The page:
Doomed Planet

Finding “lost” rainfall

A postscript to “BOM loses rainfall 

The prime lesson to be drawn from the changing rainfall record in the Murray-Darling Basin is the inherent uncertainty of the rainfall estimates over any area of the country. But there is a sting in the tail. 

The explanation for the variations in rainfall record is simple. A new method of creating the estimate has been developed and applied. This is not well advertised but the method is described in a published paper. The variations from the records ending in 2007, 2008 and 2009 are of the order of 20 mm per year against an average yearly rainfall of 480 mm for the years after 1948, an uncertainty of 4%. This will be compounded by the sampling process of rain gauges that cannot possibly capture all the local variations of rainfall. The use of satellite detection should better define spatial distribution but the measure of rainfall remains problematic. So the 4% uncertainty may be an under-estimate.

This new analysis has been carried out by the usual suspects, the CSIRO and the BoM along with the Bureau of Rural Sciences. 

What is really intriguing though is the corrections made to the rainfall record tend to reduce the rainfall in the last half of the twentieth century. This is important since our projected future is for a hotter climate and less rain. An example of this is a quote from a paper Climate change and water use of native vegetation by Cate Macinnis-Ng and Derek Eamus, University of Technology, Sydney (2009), apparently commissioned by Land & Water Australia, that concludes:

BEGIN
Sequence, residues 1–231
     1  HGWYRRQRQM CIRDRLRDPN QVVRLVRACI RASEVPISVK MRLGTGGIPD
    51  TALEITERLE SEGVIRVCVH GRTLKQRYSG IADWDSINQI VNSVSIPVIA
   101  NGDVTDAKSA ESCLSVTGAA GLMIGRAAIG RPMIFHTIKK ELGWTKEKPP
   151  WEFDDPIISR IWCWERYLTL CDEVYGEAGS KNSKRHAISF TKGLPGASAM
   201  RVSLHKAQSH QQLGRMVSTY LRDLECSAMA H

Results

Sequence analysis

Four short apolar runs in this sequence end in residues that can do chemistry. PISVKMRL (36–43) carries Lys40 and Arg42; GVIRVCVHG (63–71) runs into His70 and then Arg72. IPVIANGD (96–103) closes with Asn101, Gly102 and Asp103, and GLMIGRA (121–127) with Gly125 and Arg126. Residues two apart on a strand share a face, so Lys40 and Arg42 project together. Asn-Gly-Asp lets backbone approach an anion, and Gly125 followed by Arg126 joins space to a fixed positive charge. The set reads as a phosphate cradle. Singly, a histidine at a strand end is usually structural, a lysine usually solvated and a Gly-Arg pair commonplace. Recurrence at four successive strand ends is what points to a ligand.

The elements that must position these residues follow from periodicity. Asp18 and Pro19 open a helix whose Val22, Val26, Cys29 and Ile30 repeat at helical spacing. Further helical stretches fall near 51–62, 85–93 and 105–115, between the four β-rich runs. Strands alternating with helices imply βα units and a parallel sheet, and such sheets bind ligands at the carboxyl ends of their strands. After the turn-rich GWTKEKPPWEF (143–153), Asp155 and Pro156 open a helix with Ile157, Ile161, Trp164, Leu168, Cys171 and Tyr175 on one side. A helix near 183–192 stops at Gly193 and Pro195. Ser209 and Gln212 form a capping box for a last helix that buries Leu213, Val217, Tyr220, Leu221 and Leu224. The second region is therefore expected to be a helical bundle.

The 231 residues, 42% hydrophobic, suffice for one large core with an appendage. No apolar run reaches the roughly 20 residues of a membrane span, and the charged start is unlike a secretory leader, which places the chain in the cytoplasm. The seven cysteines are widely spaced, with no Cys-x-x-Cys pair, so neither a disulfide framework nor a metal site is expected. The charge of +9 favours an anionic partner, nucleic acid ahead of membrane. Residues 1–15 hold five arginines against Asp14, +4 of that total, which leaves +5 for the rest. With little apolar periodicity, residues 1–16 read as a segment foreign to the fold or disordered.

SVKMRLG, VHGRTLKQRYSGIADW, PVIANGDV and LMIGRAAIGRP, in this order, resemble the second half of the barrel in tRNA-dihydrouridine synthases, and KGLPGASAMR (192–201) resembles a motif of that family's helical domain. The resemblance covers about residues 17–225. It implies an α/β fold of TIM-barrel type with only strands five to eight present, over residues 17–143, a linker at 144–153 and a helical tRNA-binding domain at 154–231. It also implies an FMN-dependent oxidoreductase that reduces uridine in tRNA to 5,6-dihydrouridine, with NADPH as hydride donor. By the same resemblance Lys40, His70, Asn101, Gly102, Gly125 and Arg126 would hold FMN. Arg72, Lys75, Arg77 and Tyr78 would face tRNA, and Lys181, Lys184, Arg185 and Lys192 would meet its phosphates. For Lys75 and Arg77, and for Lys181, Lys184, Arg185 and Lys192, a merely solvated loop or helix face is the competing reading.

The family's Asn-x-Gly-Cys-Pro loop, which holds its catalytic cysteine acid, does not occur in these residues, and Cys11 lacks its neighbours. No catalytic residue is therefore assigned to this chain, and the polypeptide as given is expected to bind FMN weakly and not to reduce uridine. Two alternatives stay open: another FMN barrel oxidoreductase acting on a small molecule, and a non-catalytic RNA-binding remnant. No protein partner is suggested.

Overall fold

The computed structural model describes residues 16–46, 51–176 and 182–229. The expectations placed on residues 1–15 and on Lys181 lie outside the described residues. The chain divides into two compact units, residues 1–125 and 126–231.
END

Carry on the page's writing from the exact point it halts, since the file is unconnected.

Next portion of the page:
Climate change will cause hotter, drier conditions with less rainfall across the majority of the Australian continent

This is the received wisdom based on computer modeling but do the rainfall measurements compiled by the BoM point in this direction with decreasing rainfall as the Australian temperature record shows an increasing temperature? 

Unfortunately they do not. The BoM adjustments to the 110 year record have brought the decadel increase in rainfall down from 5.4 +/- 3.4 mm per decade to 3.3 +/- 3.2 mm per decade.  In fact the dominant feature of the record is the random behaviour of the annual rainfall with a scatter of up to 200 mm either way about the annual average of 470 mm. 

This new value of the increasing rainfall is not significantly different from no increase over the century but it does not support any alarmist view of a devastating trend to drier times in the Murray-Darling Basin. 

However by looking at the summer and winter months separately a more detailed story emerges:

The statistical probability of the summer increase moves the confidence level from the annual analysis of “likely” to the “virtually certain” category of the IPCC ratings! 

The data show that the temperature and rainfall both increased during the 20th century. So much for the received wisdom based on computer modeling. 

Just as rainfall increased as Earth warmed markedly from the glacial epoch of 20,000 years, it appears that we might expect more rain in this region if the planet continues to warm. But what does this say about the regional modeling of climate? The recent Royal Society report underscores the uncertainty of model predictions at the regional level, a viewpoint borne out by the divergence of real trends and model predictions for the Murray-Darling Basin.

See also: “BOM loses rainfall” here

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